Hendrickson tracks what he calls the “chains of moral consequences” originating from this terrible event. Having scoured archives from Chicago to Alabama to Oklahoma, he contends that Carlton’s crime indirectly helped spark the Tulsa race riots of 1921—the unlikely vector being Wright’s cousin Richard Lloyd Jones, who edited a Tulsa newspaper. I won’t give away any more, but I found the theory plausible and the detective work dazzling. (Hendrickson makes his own research process a large part of the narrative; this works better when he is, for example, descending into the jail cell where Carlton was held than when he is enumerating the volumes in the Chicago phone directory for a given year.)
Yet as ingenious as this is, and as evocative of the moral calculus we all do when we look back at our mistakes: does it merit 50 or so pages in a book about Wright? A favorite method of Hendrickson’s is to lay out clues suggesting a hidden strand of Wright’s psychology, or a Faulknerian weight carried down the generations, and then quickly back away from the table: It’s just a theory. The truth is unknowable. But even so …
What this tells us about Wright the man is debatable; what it tells us about Wright the architect is not much. Readers interested in Wright’s work in the context of 20th-century architecture should consult a different biography (there are plenty). The author does include set-piece descriptions of several of Wright’s buildings; these are well observed and vividly described, although his prose can be cloying. “She’s so airy and light. She’s so mitered and mortared and tight. She’s so functional and spare and exquisitely livable,” Hendrickson writes of the Jacobs House in Madison, Wisconsin, the first of Wright’s scaled-down Usonian houses. The gendering of the house here is a tell. As psychobiography, this is Bloomian, anxiety-of-influence stuff, more interested in the men in Wright’s life than in the formidable women. Wright’s second wife, Maude Miriam Hicks Noel, is referred to throughout as “Mad Miriam”; his third wife, Olgivanna, has a fairly small role, despite having been married to Wright for three decades and having exerted a considerable influence on him.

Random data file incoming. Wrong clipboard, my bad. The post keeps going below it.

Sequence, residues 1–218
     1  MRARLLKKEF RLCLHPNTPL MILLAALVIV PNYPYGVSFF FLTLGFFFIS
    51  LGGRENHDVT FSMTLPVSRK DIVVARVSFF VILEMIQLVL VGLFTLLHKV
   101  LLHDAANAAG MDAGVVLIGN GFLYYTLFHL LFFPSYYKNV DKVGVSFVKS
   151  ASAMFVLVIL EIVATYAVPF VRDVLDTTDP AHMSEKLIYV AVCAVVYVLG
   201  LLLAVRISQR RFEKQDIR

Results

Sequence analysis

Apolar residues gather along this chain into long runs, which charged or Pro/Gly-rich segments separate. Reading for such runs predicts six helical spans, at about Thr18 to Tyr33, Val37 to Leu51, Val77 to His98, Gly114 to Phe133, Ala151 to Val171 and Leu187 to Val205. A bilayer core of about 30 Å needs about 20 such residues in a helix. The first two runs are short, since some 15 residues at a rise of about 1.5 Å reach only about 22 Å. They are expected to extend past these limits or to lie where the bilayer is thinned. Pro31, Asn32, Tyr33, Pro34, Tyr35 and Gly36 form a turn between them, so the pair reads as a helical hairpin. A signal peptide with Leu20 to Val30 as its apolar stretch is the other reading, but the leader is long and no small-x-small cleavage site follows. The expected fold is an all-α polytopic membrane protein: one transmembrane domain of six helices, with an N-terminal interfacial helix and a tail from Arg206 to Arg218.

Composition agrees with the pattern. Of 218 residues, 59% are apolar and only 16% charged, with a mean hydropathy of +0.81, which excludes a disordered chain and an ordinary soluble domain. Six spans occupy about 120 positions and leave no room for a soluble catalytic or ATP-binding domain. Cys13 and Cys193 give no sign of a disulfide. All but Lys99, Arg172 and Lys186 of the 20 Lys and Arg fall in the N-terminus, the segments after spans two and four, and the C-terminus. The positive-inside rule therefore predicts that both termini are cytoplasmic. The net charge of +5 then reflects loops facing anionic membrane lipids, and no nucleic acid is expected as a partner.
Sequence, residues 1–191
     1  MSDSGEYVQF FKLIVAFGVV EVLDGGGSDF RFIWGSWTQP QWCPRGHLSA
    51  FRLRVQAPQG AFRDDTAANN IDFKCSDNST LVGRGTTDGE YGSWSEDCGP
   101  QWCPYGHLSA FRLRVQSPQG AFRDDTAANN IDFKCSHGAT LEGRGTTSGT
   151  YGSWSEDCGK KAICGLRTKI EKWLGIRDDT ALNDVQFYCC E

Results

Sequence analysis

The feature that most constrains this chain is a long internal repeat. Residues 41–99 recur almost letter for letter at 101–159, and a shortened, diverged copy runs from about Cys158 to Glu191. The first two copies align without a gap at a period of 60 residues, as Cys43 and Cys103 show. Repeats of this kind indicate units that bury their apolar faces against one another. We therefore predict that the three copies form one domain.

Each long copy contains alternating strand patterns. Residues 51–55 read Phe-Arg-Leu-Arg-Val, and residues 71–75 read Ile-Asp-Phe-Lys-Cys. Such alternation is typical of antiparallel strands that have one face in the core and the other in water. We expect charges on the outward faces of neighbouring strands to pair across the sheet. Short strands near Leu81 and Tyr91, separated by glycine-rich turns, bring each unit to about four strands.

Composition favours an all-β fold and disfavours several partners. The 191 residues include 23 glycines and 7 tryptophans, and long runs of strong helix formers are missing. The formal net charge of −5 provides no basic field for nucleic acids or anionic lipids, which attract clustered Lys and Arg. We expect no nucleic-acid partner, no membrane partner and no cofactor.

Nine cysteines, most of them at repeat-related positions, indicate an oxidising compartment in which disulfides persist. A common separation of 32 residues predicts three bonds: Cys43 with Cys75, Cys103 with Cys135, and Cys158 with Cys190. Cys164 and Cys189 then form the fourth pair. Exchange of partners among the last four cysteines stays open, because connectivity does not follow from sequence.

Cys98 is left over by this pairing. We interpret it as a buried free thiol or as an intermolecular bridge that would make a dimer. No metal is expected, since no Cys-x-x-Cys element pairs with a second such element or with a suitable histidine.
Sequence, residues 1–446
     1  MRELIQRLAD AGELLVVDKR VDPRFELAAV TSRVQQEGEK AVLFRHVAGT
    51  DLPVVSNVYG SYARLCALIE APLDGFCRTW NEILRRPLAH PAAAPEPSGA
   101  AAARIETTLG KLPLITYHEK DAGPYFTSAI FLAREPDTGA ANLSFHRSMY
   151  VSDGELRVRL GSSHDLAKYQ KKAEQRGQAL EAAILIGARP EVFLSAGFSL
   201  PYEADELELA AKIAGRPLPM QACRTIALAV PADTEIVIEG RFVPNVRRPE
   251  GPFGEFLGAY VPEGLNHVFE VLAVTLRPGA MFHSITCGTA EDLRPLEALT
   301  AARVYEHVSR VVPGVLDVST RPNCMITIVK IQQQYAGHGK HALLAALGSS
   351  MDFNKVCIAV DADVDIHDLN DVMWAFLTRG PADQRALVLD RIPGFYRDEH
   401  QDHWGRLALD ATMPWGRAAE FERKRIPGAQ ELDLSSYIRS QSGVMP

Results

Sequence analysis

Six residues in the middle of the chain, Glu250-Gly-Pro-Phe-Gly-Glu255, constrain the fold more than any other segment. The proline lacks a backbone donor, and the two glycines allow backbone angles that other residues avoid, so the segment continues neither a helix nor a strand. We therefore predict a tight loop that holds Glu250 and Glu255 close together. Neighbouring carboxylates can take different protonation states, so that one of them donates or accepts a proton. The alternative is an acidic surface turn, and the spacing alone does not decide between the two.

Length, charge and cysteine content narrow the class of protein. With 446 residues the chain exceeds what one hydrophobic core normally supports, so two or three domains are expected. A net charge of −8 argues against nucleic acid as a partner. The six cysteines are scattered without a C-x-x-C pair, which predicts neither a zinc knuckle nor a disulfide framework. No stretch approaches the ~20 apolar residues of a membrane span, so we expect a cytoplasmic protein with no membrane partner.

At its best, Plagued by Fire has moments of raw emotional power. Who wouldn’t feel sympathetic for Wright after the massacre at Taliesin, as he made his way, in a state of shock, from Chicago to survey the ashes of the house he’d built and bury the woman he loved? Hendrickson takes us on an excruciating tour through those first hours and days, when Wright broke out in boils and played the piano through his sobs. But this gets at a larger question—and the underlying problem with the book. Does his humanity need to be proven? Or, to put it another way, surely no one today believes that Frank Lloyd Wright was a monster. Who doesn’t realize that pride and regret, conviction and weakness can coexist in the same person?
As I write this, eight of Wright’s buildings have just been added to UNESCO’s World Heritage List, the first works of modern American architecture that the UN agency has deemed “of outstanding universal value.” If you want to be convinced of Frank Lloyd Wright’s essential humanity, there’s a better way: just visit one of those buildings.